Zephaniah 1:-7, 12-18 1 Thessalonians 5:1-11 Matthew 25:14-30 Let us pray: Gracious and eternal Father, we come before you this day seeking to make the most of the gifts you have given us in life. Lord, as we hear your word, may we learn how we may serve you with all that we are. Lord, in these moments, grant us wisdom, understanding and peace. In Jesus' name we pray, Amen.
Today I’ll begin with a little story for you: It seems a wealthy tourist is separated from his tour group in the Sahara. After a long morning in the hot sun, he comes upon a nomad traveling by donkey. “Please help me!” the tourist begs. “I’m dying of thirst.” “I’m sorry,” the nomad replies. “I have no water. All I have are these beautiful neckties which I will happily sell you.” “Neckties!” the thirsty man cries. “I need water, not neckties.” “Look,” the nomad offers. “I feel bad for you, so here’s what I’m going to do. I normally get $25 for these pure silk neckties. But seeing as you’re suffering, I’ll let you have two of them for $35.” The wretched tourist turns away in disgust and continues on in search of water. Some time later he stumbles upon an oasis and, to his surprise, there before him is a grand hotel and restaurant. By now he’s crawling on his hands and knees and collapses in front of a man in a tuxedo, standing under a palm tree. “Please, please, do you have any water?” “Yes, sir,” the Maitre'd replies, “we have plenty of cold water;” “Oh, thank God!” the poor soul sighs. “Where do I go?” “This way, sir. The restaurant is right inside. But, unfortunately, sir, no one is admitted without a tie.”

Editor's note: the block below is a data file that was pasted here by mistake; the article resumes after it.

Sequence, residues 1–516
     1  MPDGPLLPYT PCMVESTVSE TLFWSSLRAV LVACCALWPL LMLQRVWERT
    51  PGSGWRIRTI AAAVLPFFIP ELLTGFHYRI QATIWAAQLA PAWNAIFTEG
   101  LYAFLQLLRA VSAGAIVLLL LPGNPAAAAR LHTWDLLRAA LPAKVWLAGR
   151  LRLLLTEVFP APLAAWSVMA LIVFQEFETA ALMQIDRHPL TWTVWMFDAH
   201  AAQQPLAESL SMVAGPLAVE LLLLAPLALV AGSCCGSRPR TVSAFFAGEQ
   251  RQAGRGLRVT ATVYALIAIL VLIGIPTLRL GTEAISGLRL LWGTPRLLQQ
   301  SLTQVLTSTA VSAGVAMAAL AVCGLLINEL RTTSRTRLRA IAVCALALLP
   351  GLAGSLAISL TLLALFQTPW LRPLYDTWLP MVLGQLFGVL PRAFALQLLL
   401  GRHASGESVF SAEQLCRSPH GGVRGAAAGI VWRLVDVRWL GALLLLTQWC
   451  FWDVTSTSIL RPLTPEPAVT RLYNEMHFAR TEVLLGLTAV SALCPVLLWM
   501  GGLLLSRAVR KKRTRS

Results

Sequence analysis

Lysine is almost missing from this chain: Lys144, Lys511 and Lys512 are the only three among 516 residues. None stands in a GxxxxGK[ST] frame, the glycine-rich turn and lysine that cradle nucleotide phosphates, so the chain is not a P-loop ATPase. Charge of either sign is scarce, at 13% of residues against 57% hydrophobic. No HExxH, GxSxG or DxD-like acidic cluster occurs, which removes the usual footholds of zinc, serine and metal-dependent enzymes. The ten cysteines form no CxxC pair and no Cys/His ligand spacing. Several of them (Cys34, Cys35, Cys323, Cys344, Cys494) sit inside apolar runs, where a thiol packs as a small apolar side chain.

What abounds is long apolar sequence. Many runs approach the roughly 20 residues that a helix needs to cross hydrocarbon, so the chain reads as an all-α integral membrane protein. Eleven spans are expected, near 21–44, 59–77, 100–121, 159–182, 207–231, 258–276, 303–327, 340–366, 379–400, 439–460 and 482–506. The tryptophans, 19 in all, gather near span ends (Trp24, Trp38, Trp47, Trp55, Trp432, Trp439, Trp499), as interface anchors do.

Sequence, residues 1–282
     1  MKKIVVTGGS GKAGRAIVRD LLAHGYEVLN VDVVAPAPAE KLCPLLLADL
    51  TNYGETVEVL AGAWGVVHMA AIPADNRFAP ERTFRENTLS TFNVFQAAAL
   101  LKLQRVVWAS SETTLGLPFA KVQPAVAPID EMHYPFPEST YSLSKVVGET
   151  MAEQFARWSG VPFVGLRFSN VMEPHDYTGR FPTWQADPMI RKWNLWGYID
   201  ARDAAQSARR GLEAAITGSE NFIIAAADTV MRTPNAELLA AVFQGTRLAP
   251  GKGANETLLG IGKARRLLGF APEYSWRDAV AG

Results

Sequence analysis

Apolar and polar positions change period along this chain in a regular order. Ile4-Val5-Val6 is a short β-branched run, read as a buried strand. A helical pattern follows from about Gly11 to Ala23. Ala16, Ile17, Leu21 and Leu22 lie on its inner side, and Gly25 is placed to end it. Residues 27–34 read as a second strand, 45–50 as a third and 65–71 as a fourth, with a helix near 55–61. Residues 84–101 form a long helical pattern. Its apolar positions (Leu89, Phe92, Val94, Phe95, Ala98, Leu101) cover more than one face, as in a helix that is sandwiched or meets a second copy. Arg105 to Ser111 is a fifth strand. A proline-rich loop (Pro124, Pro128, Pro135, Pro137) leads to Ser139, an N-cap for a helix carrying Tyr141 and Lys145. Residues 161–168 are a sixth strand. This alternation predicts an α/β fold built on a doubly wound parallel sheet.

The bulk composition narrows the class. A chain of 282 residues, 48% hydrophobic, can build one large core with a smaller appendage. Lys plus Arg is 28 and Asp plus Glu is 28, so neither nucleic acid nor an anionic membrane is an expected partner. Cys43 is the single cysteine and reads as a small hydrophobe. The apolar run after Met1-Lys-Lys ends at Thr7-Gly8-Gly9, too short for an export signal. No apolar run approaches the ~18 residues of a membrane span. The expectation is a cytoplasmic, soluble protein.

So much for passing up a good chance to buy a silk necktie. In today’s gospel Jesus speaks of a man who also passed up a chance to benefit himself. He is the third servant to whom the master gave one talent. Instead of investing his talent on the stock market and possibly making a bundle for his master, the servant buried his talent. All he had to give to his master on his return was that same talent. The master became exceedingly angry that the servant had not taken the risk of investing and threw him out.
This is a particularly appropriate gospel to contemplate against a backdrop of volatility on Wall Street. The master has split his portfolio among his servants, and he expects a solid Return on Investment (ROI) from every one of his servants. On average, their performance is outstanding. But this master isn't playing the percentages. And neither is ours. He wants us all to do our part.
God has a tremendous investment in each one of us. He created the universe for our amazement. He raised us from the primal ooze for his glory. He gave us the life, death and resurrection of Jesus for our salvation. No hedging. No shorting. God is "all-in" on you and on me. He doesn't look on us as numbers to be crunched or costs to be averaged. Each one of us is unique. Each one of us is his beloved. At our baptism, each of us was entrusted with his divine saving grace… the "talent" of the parable.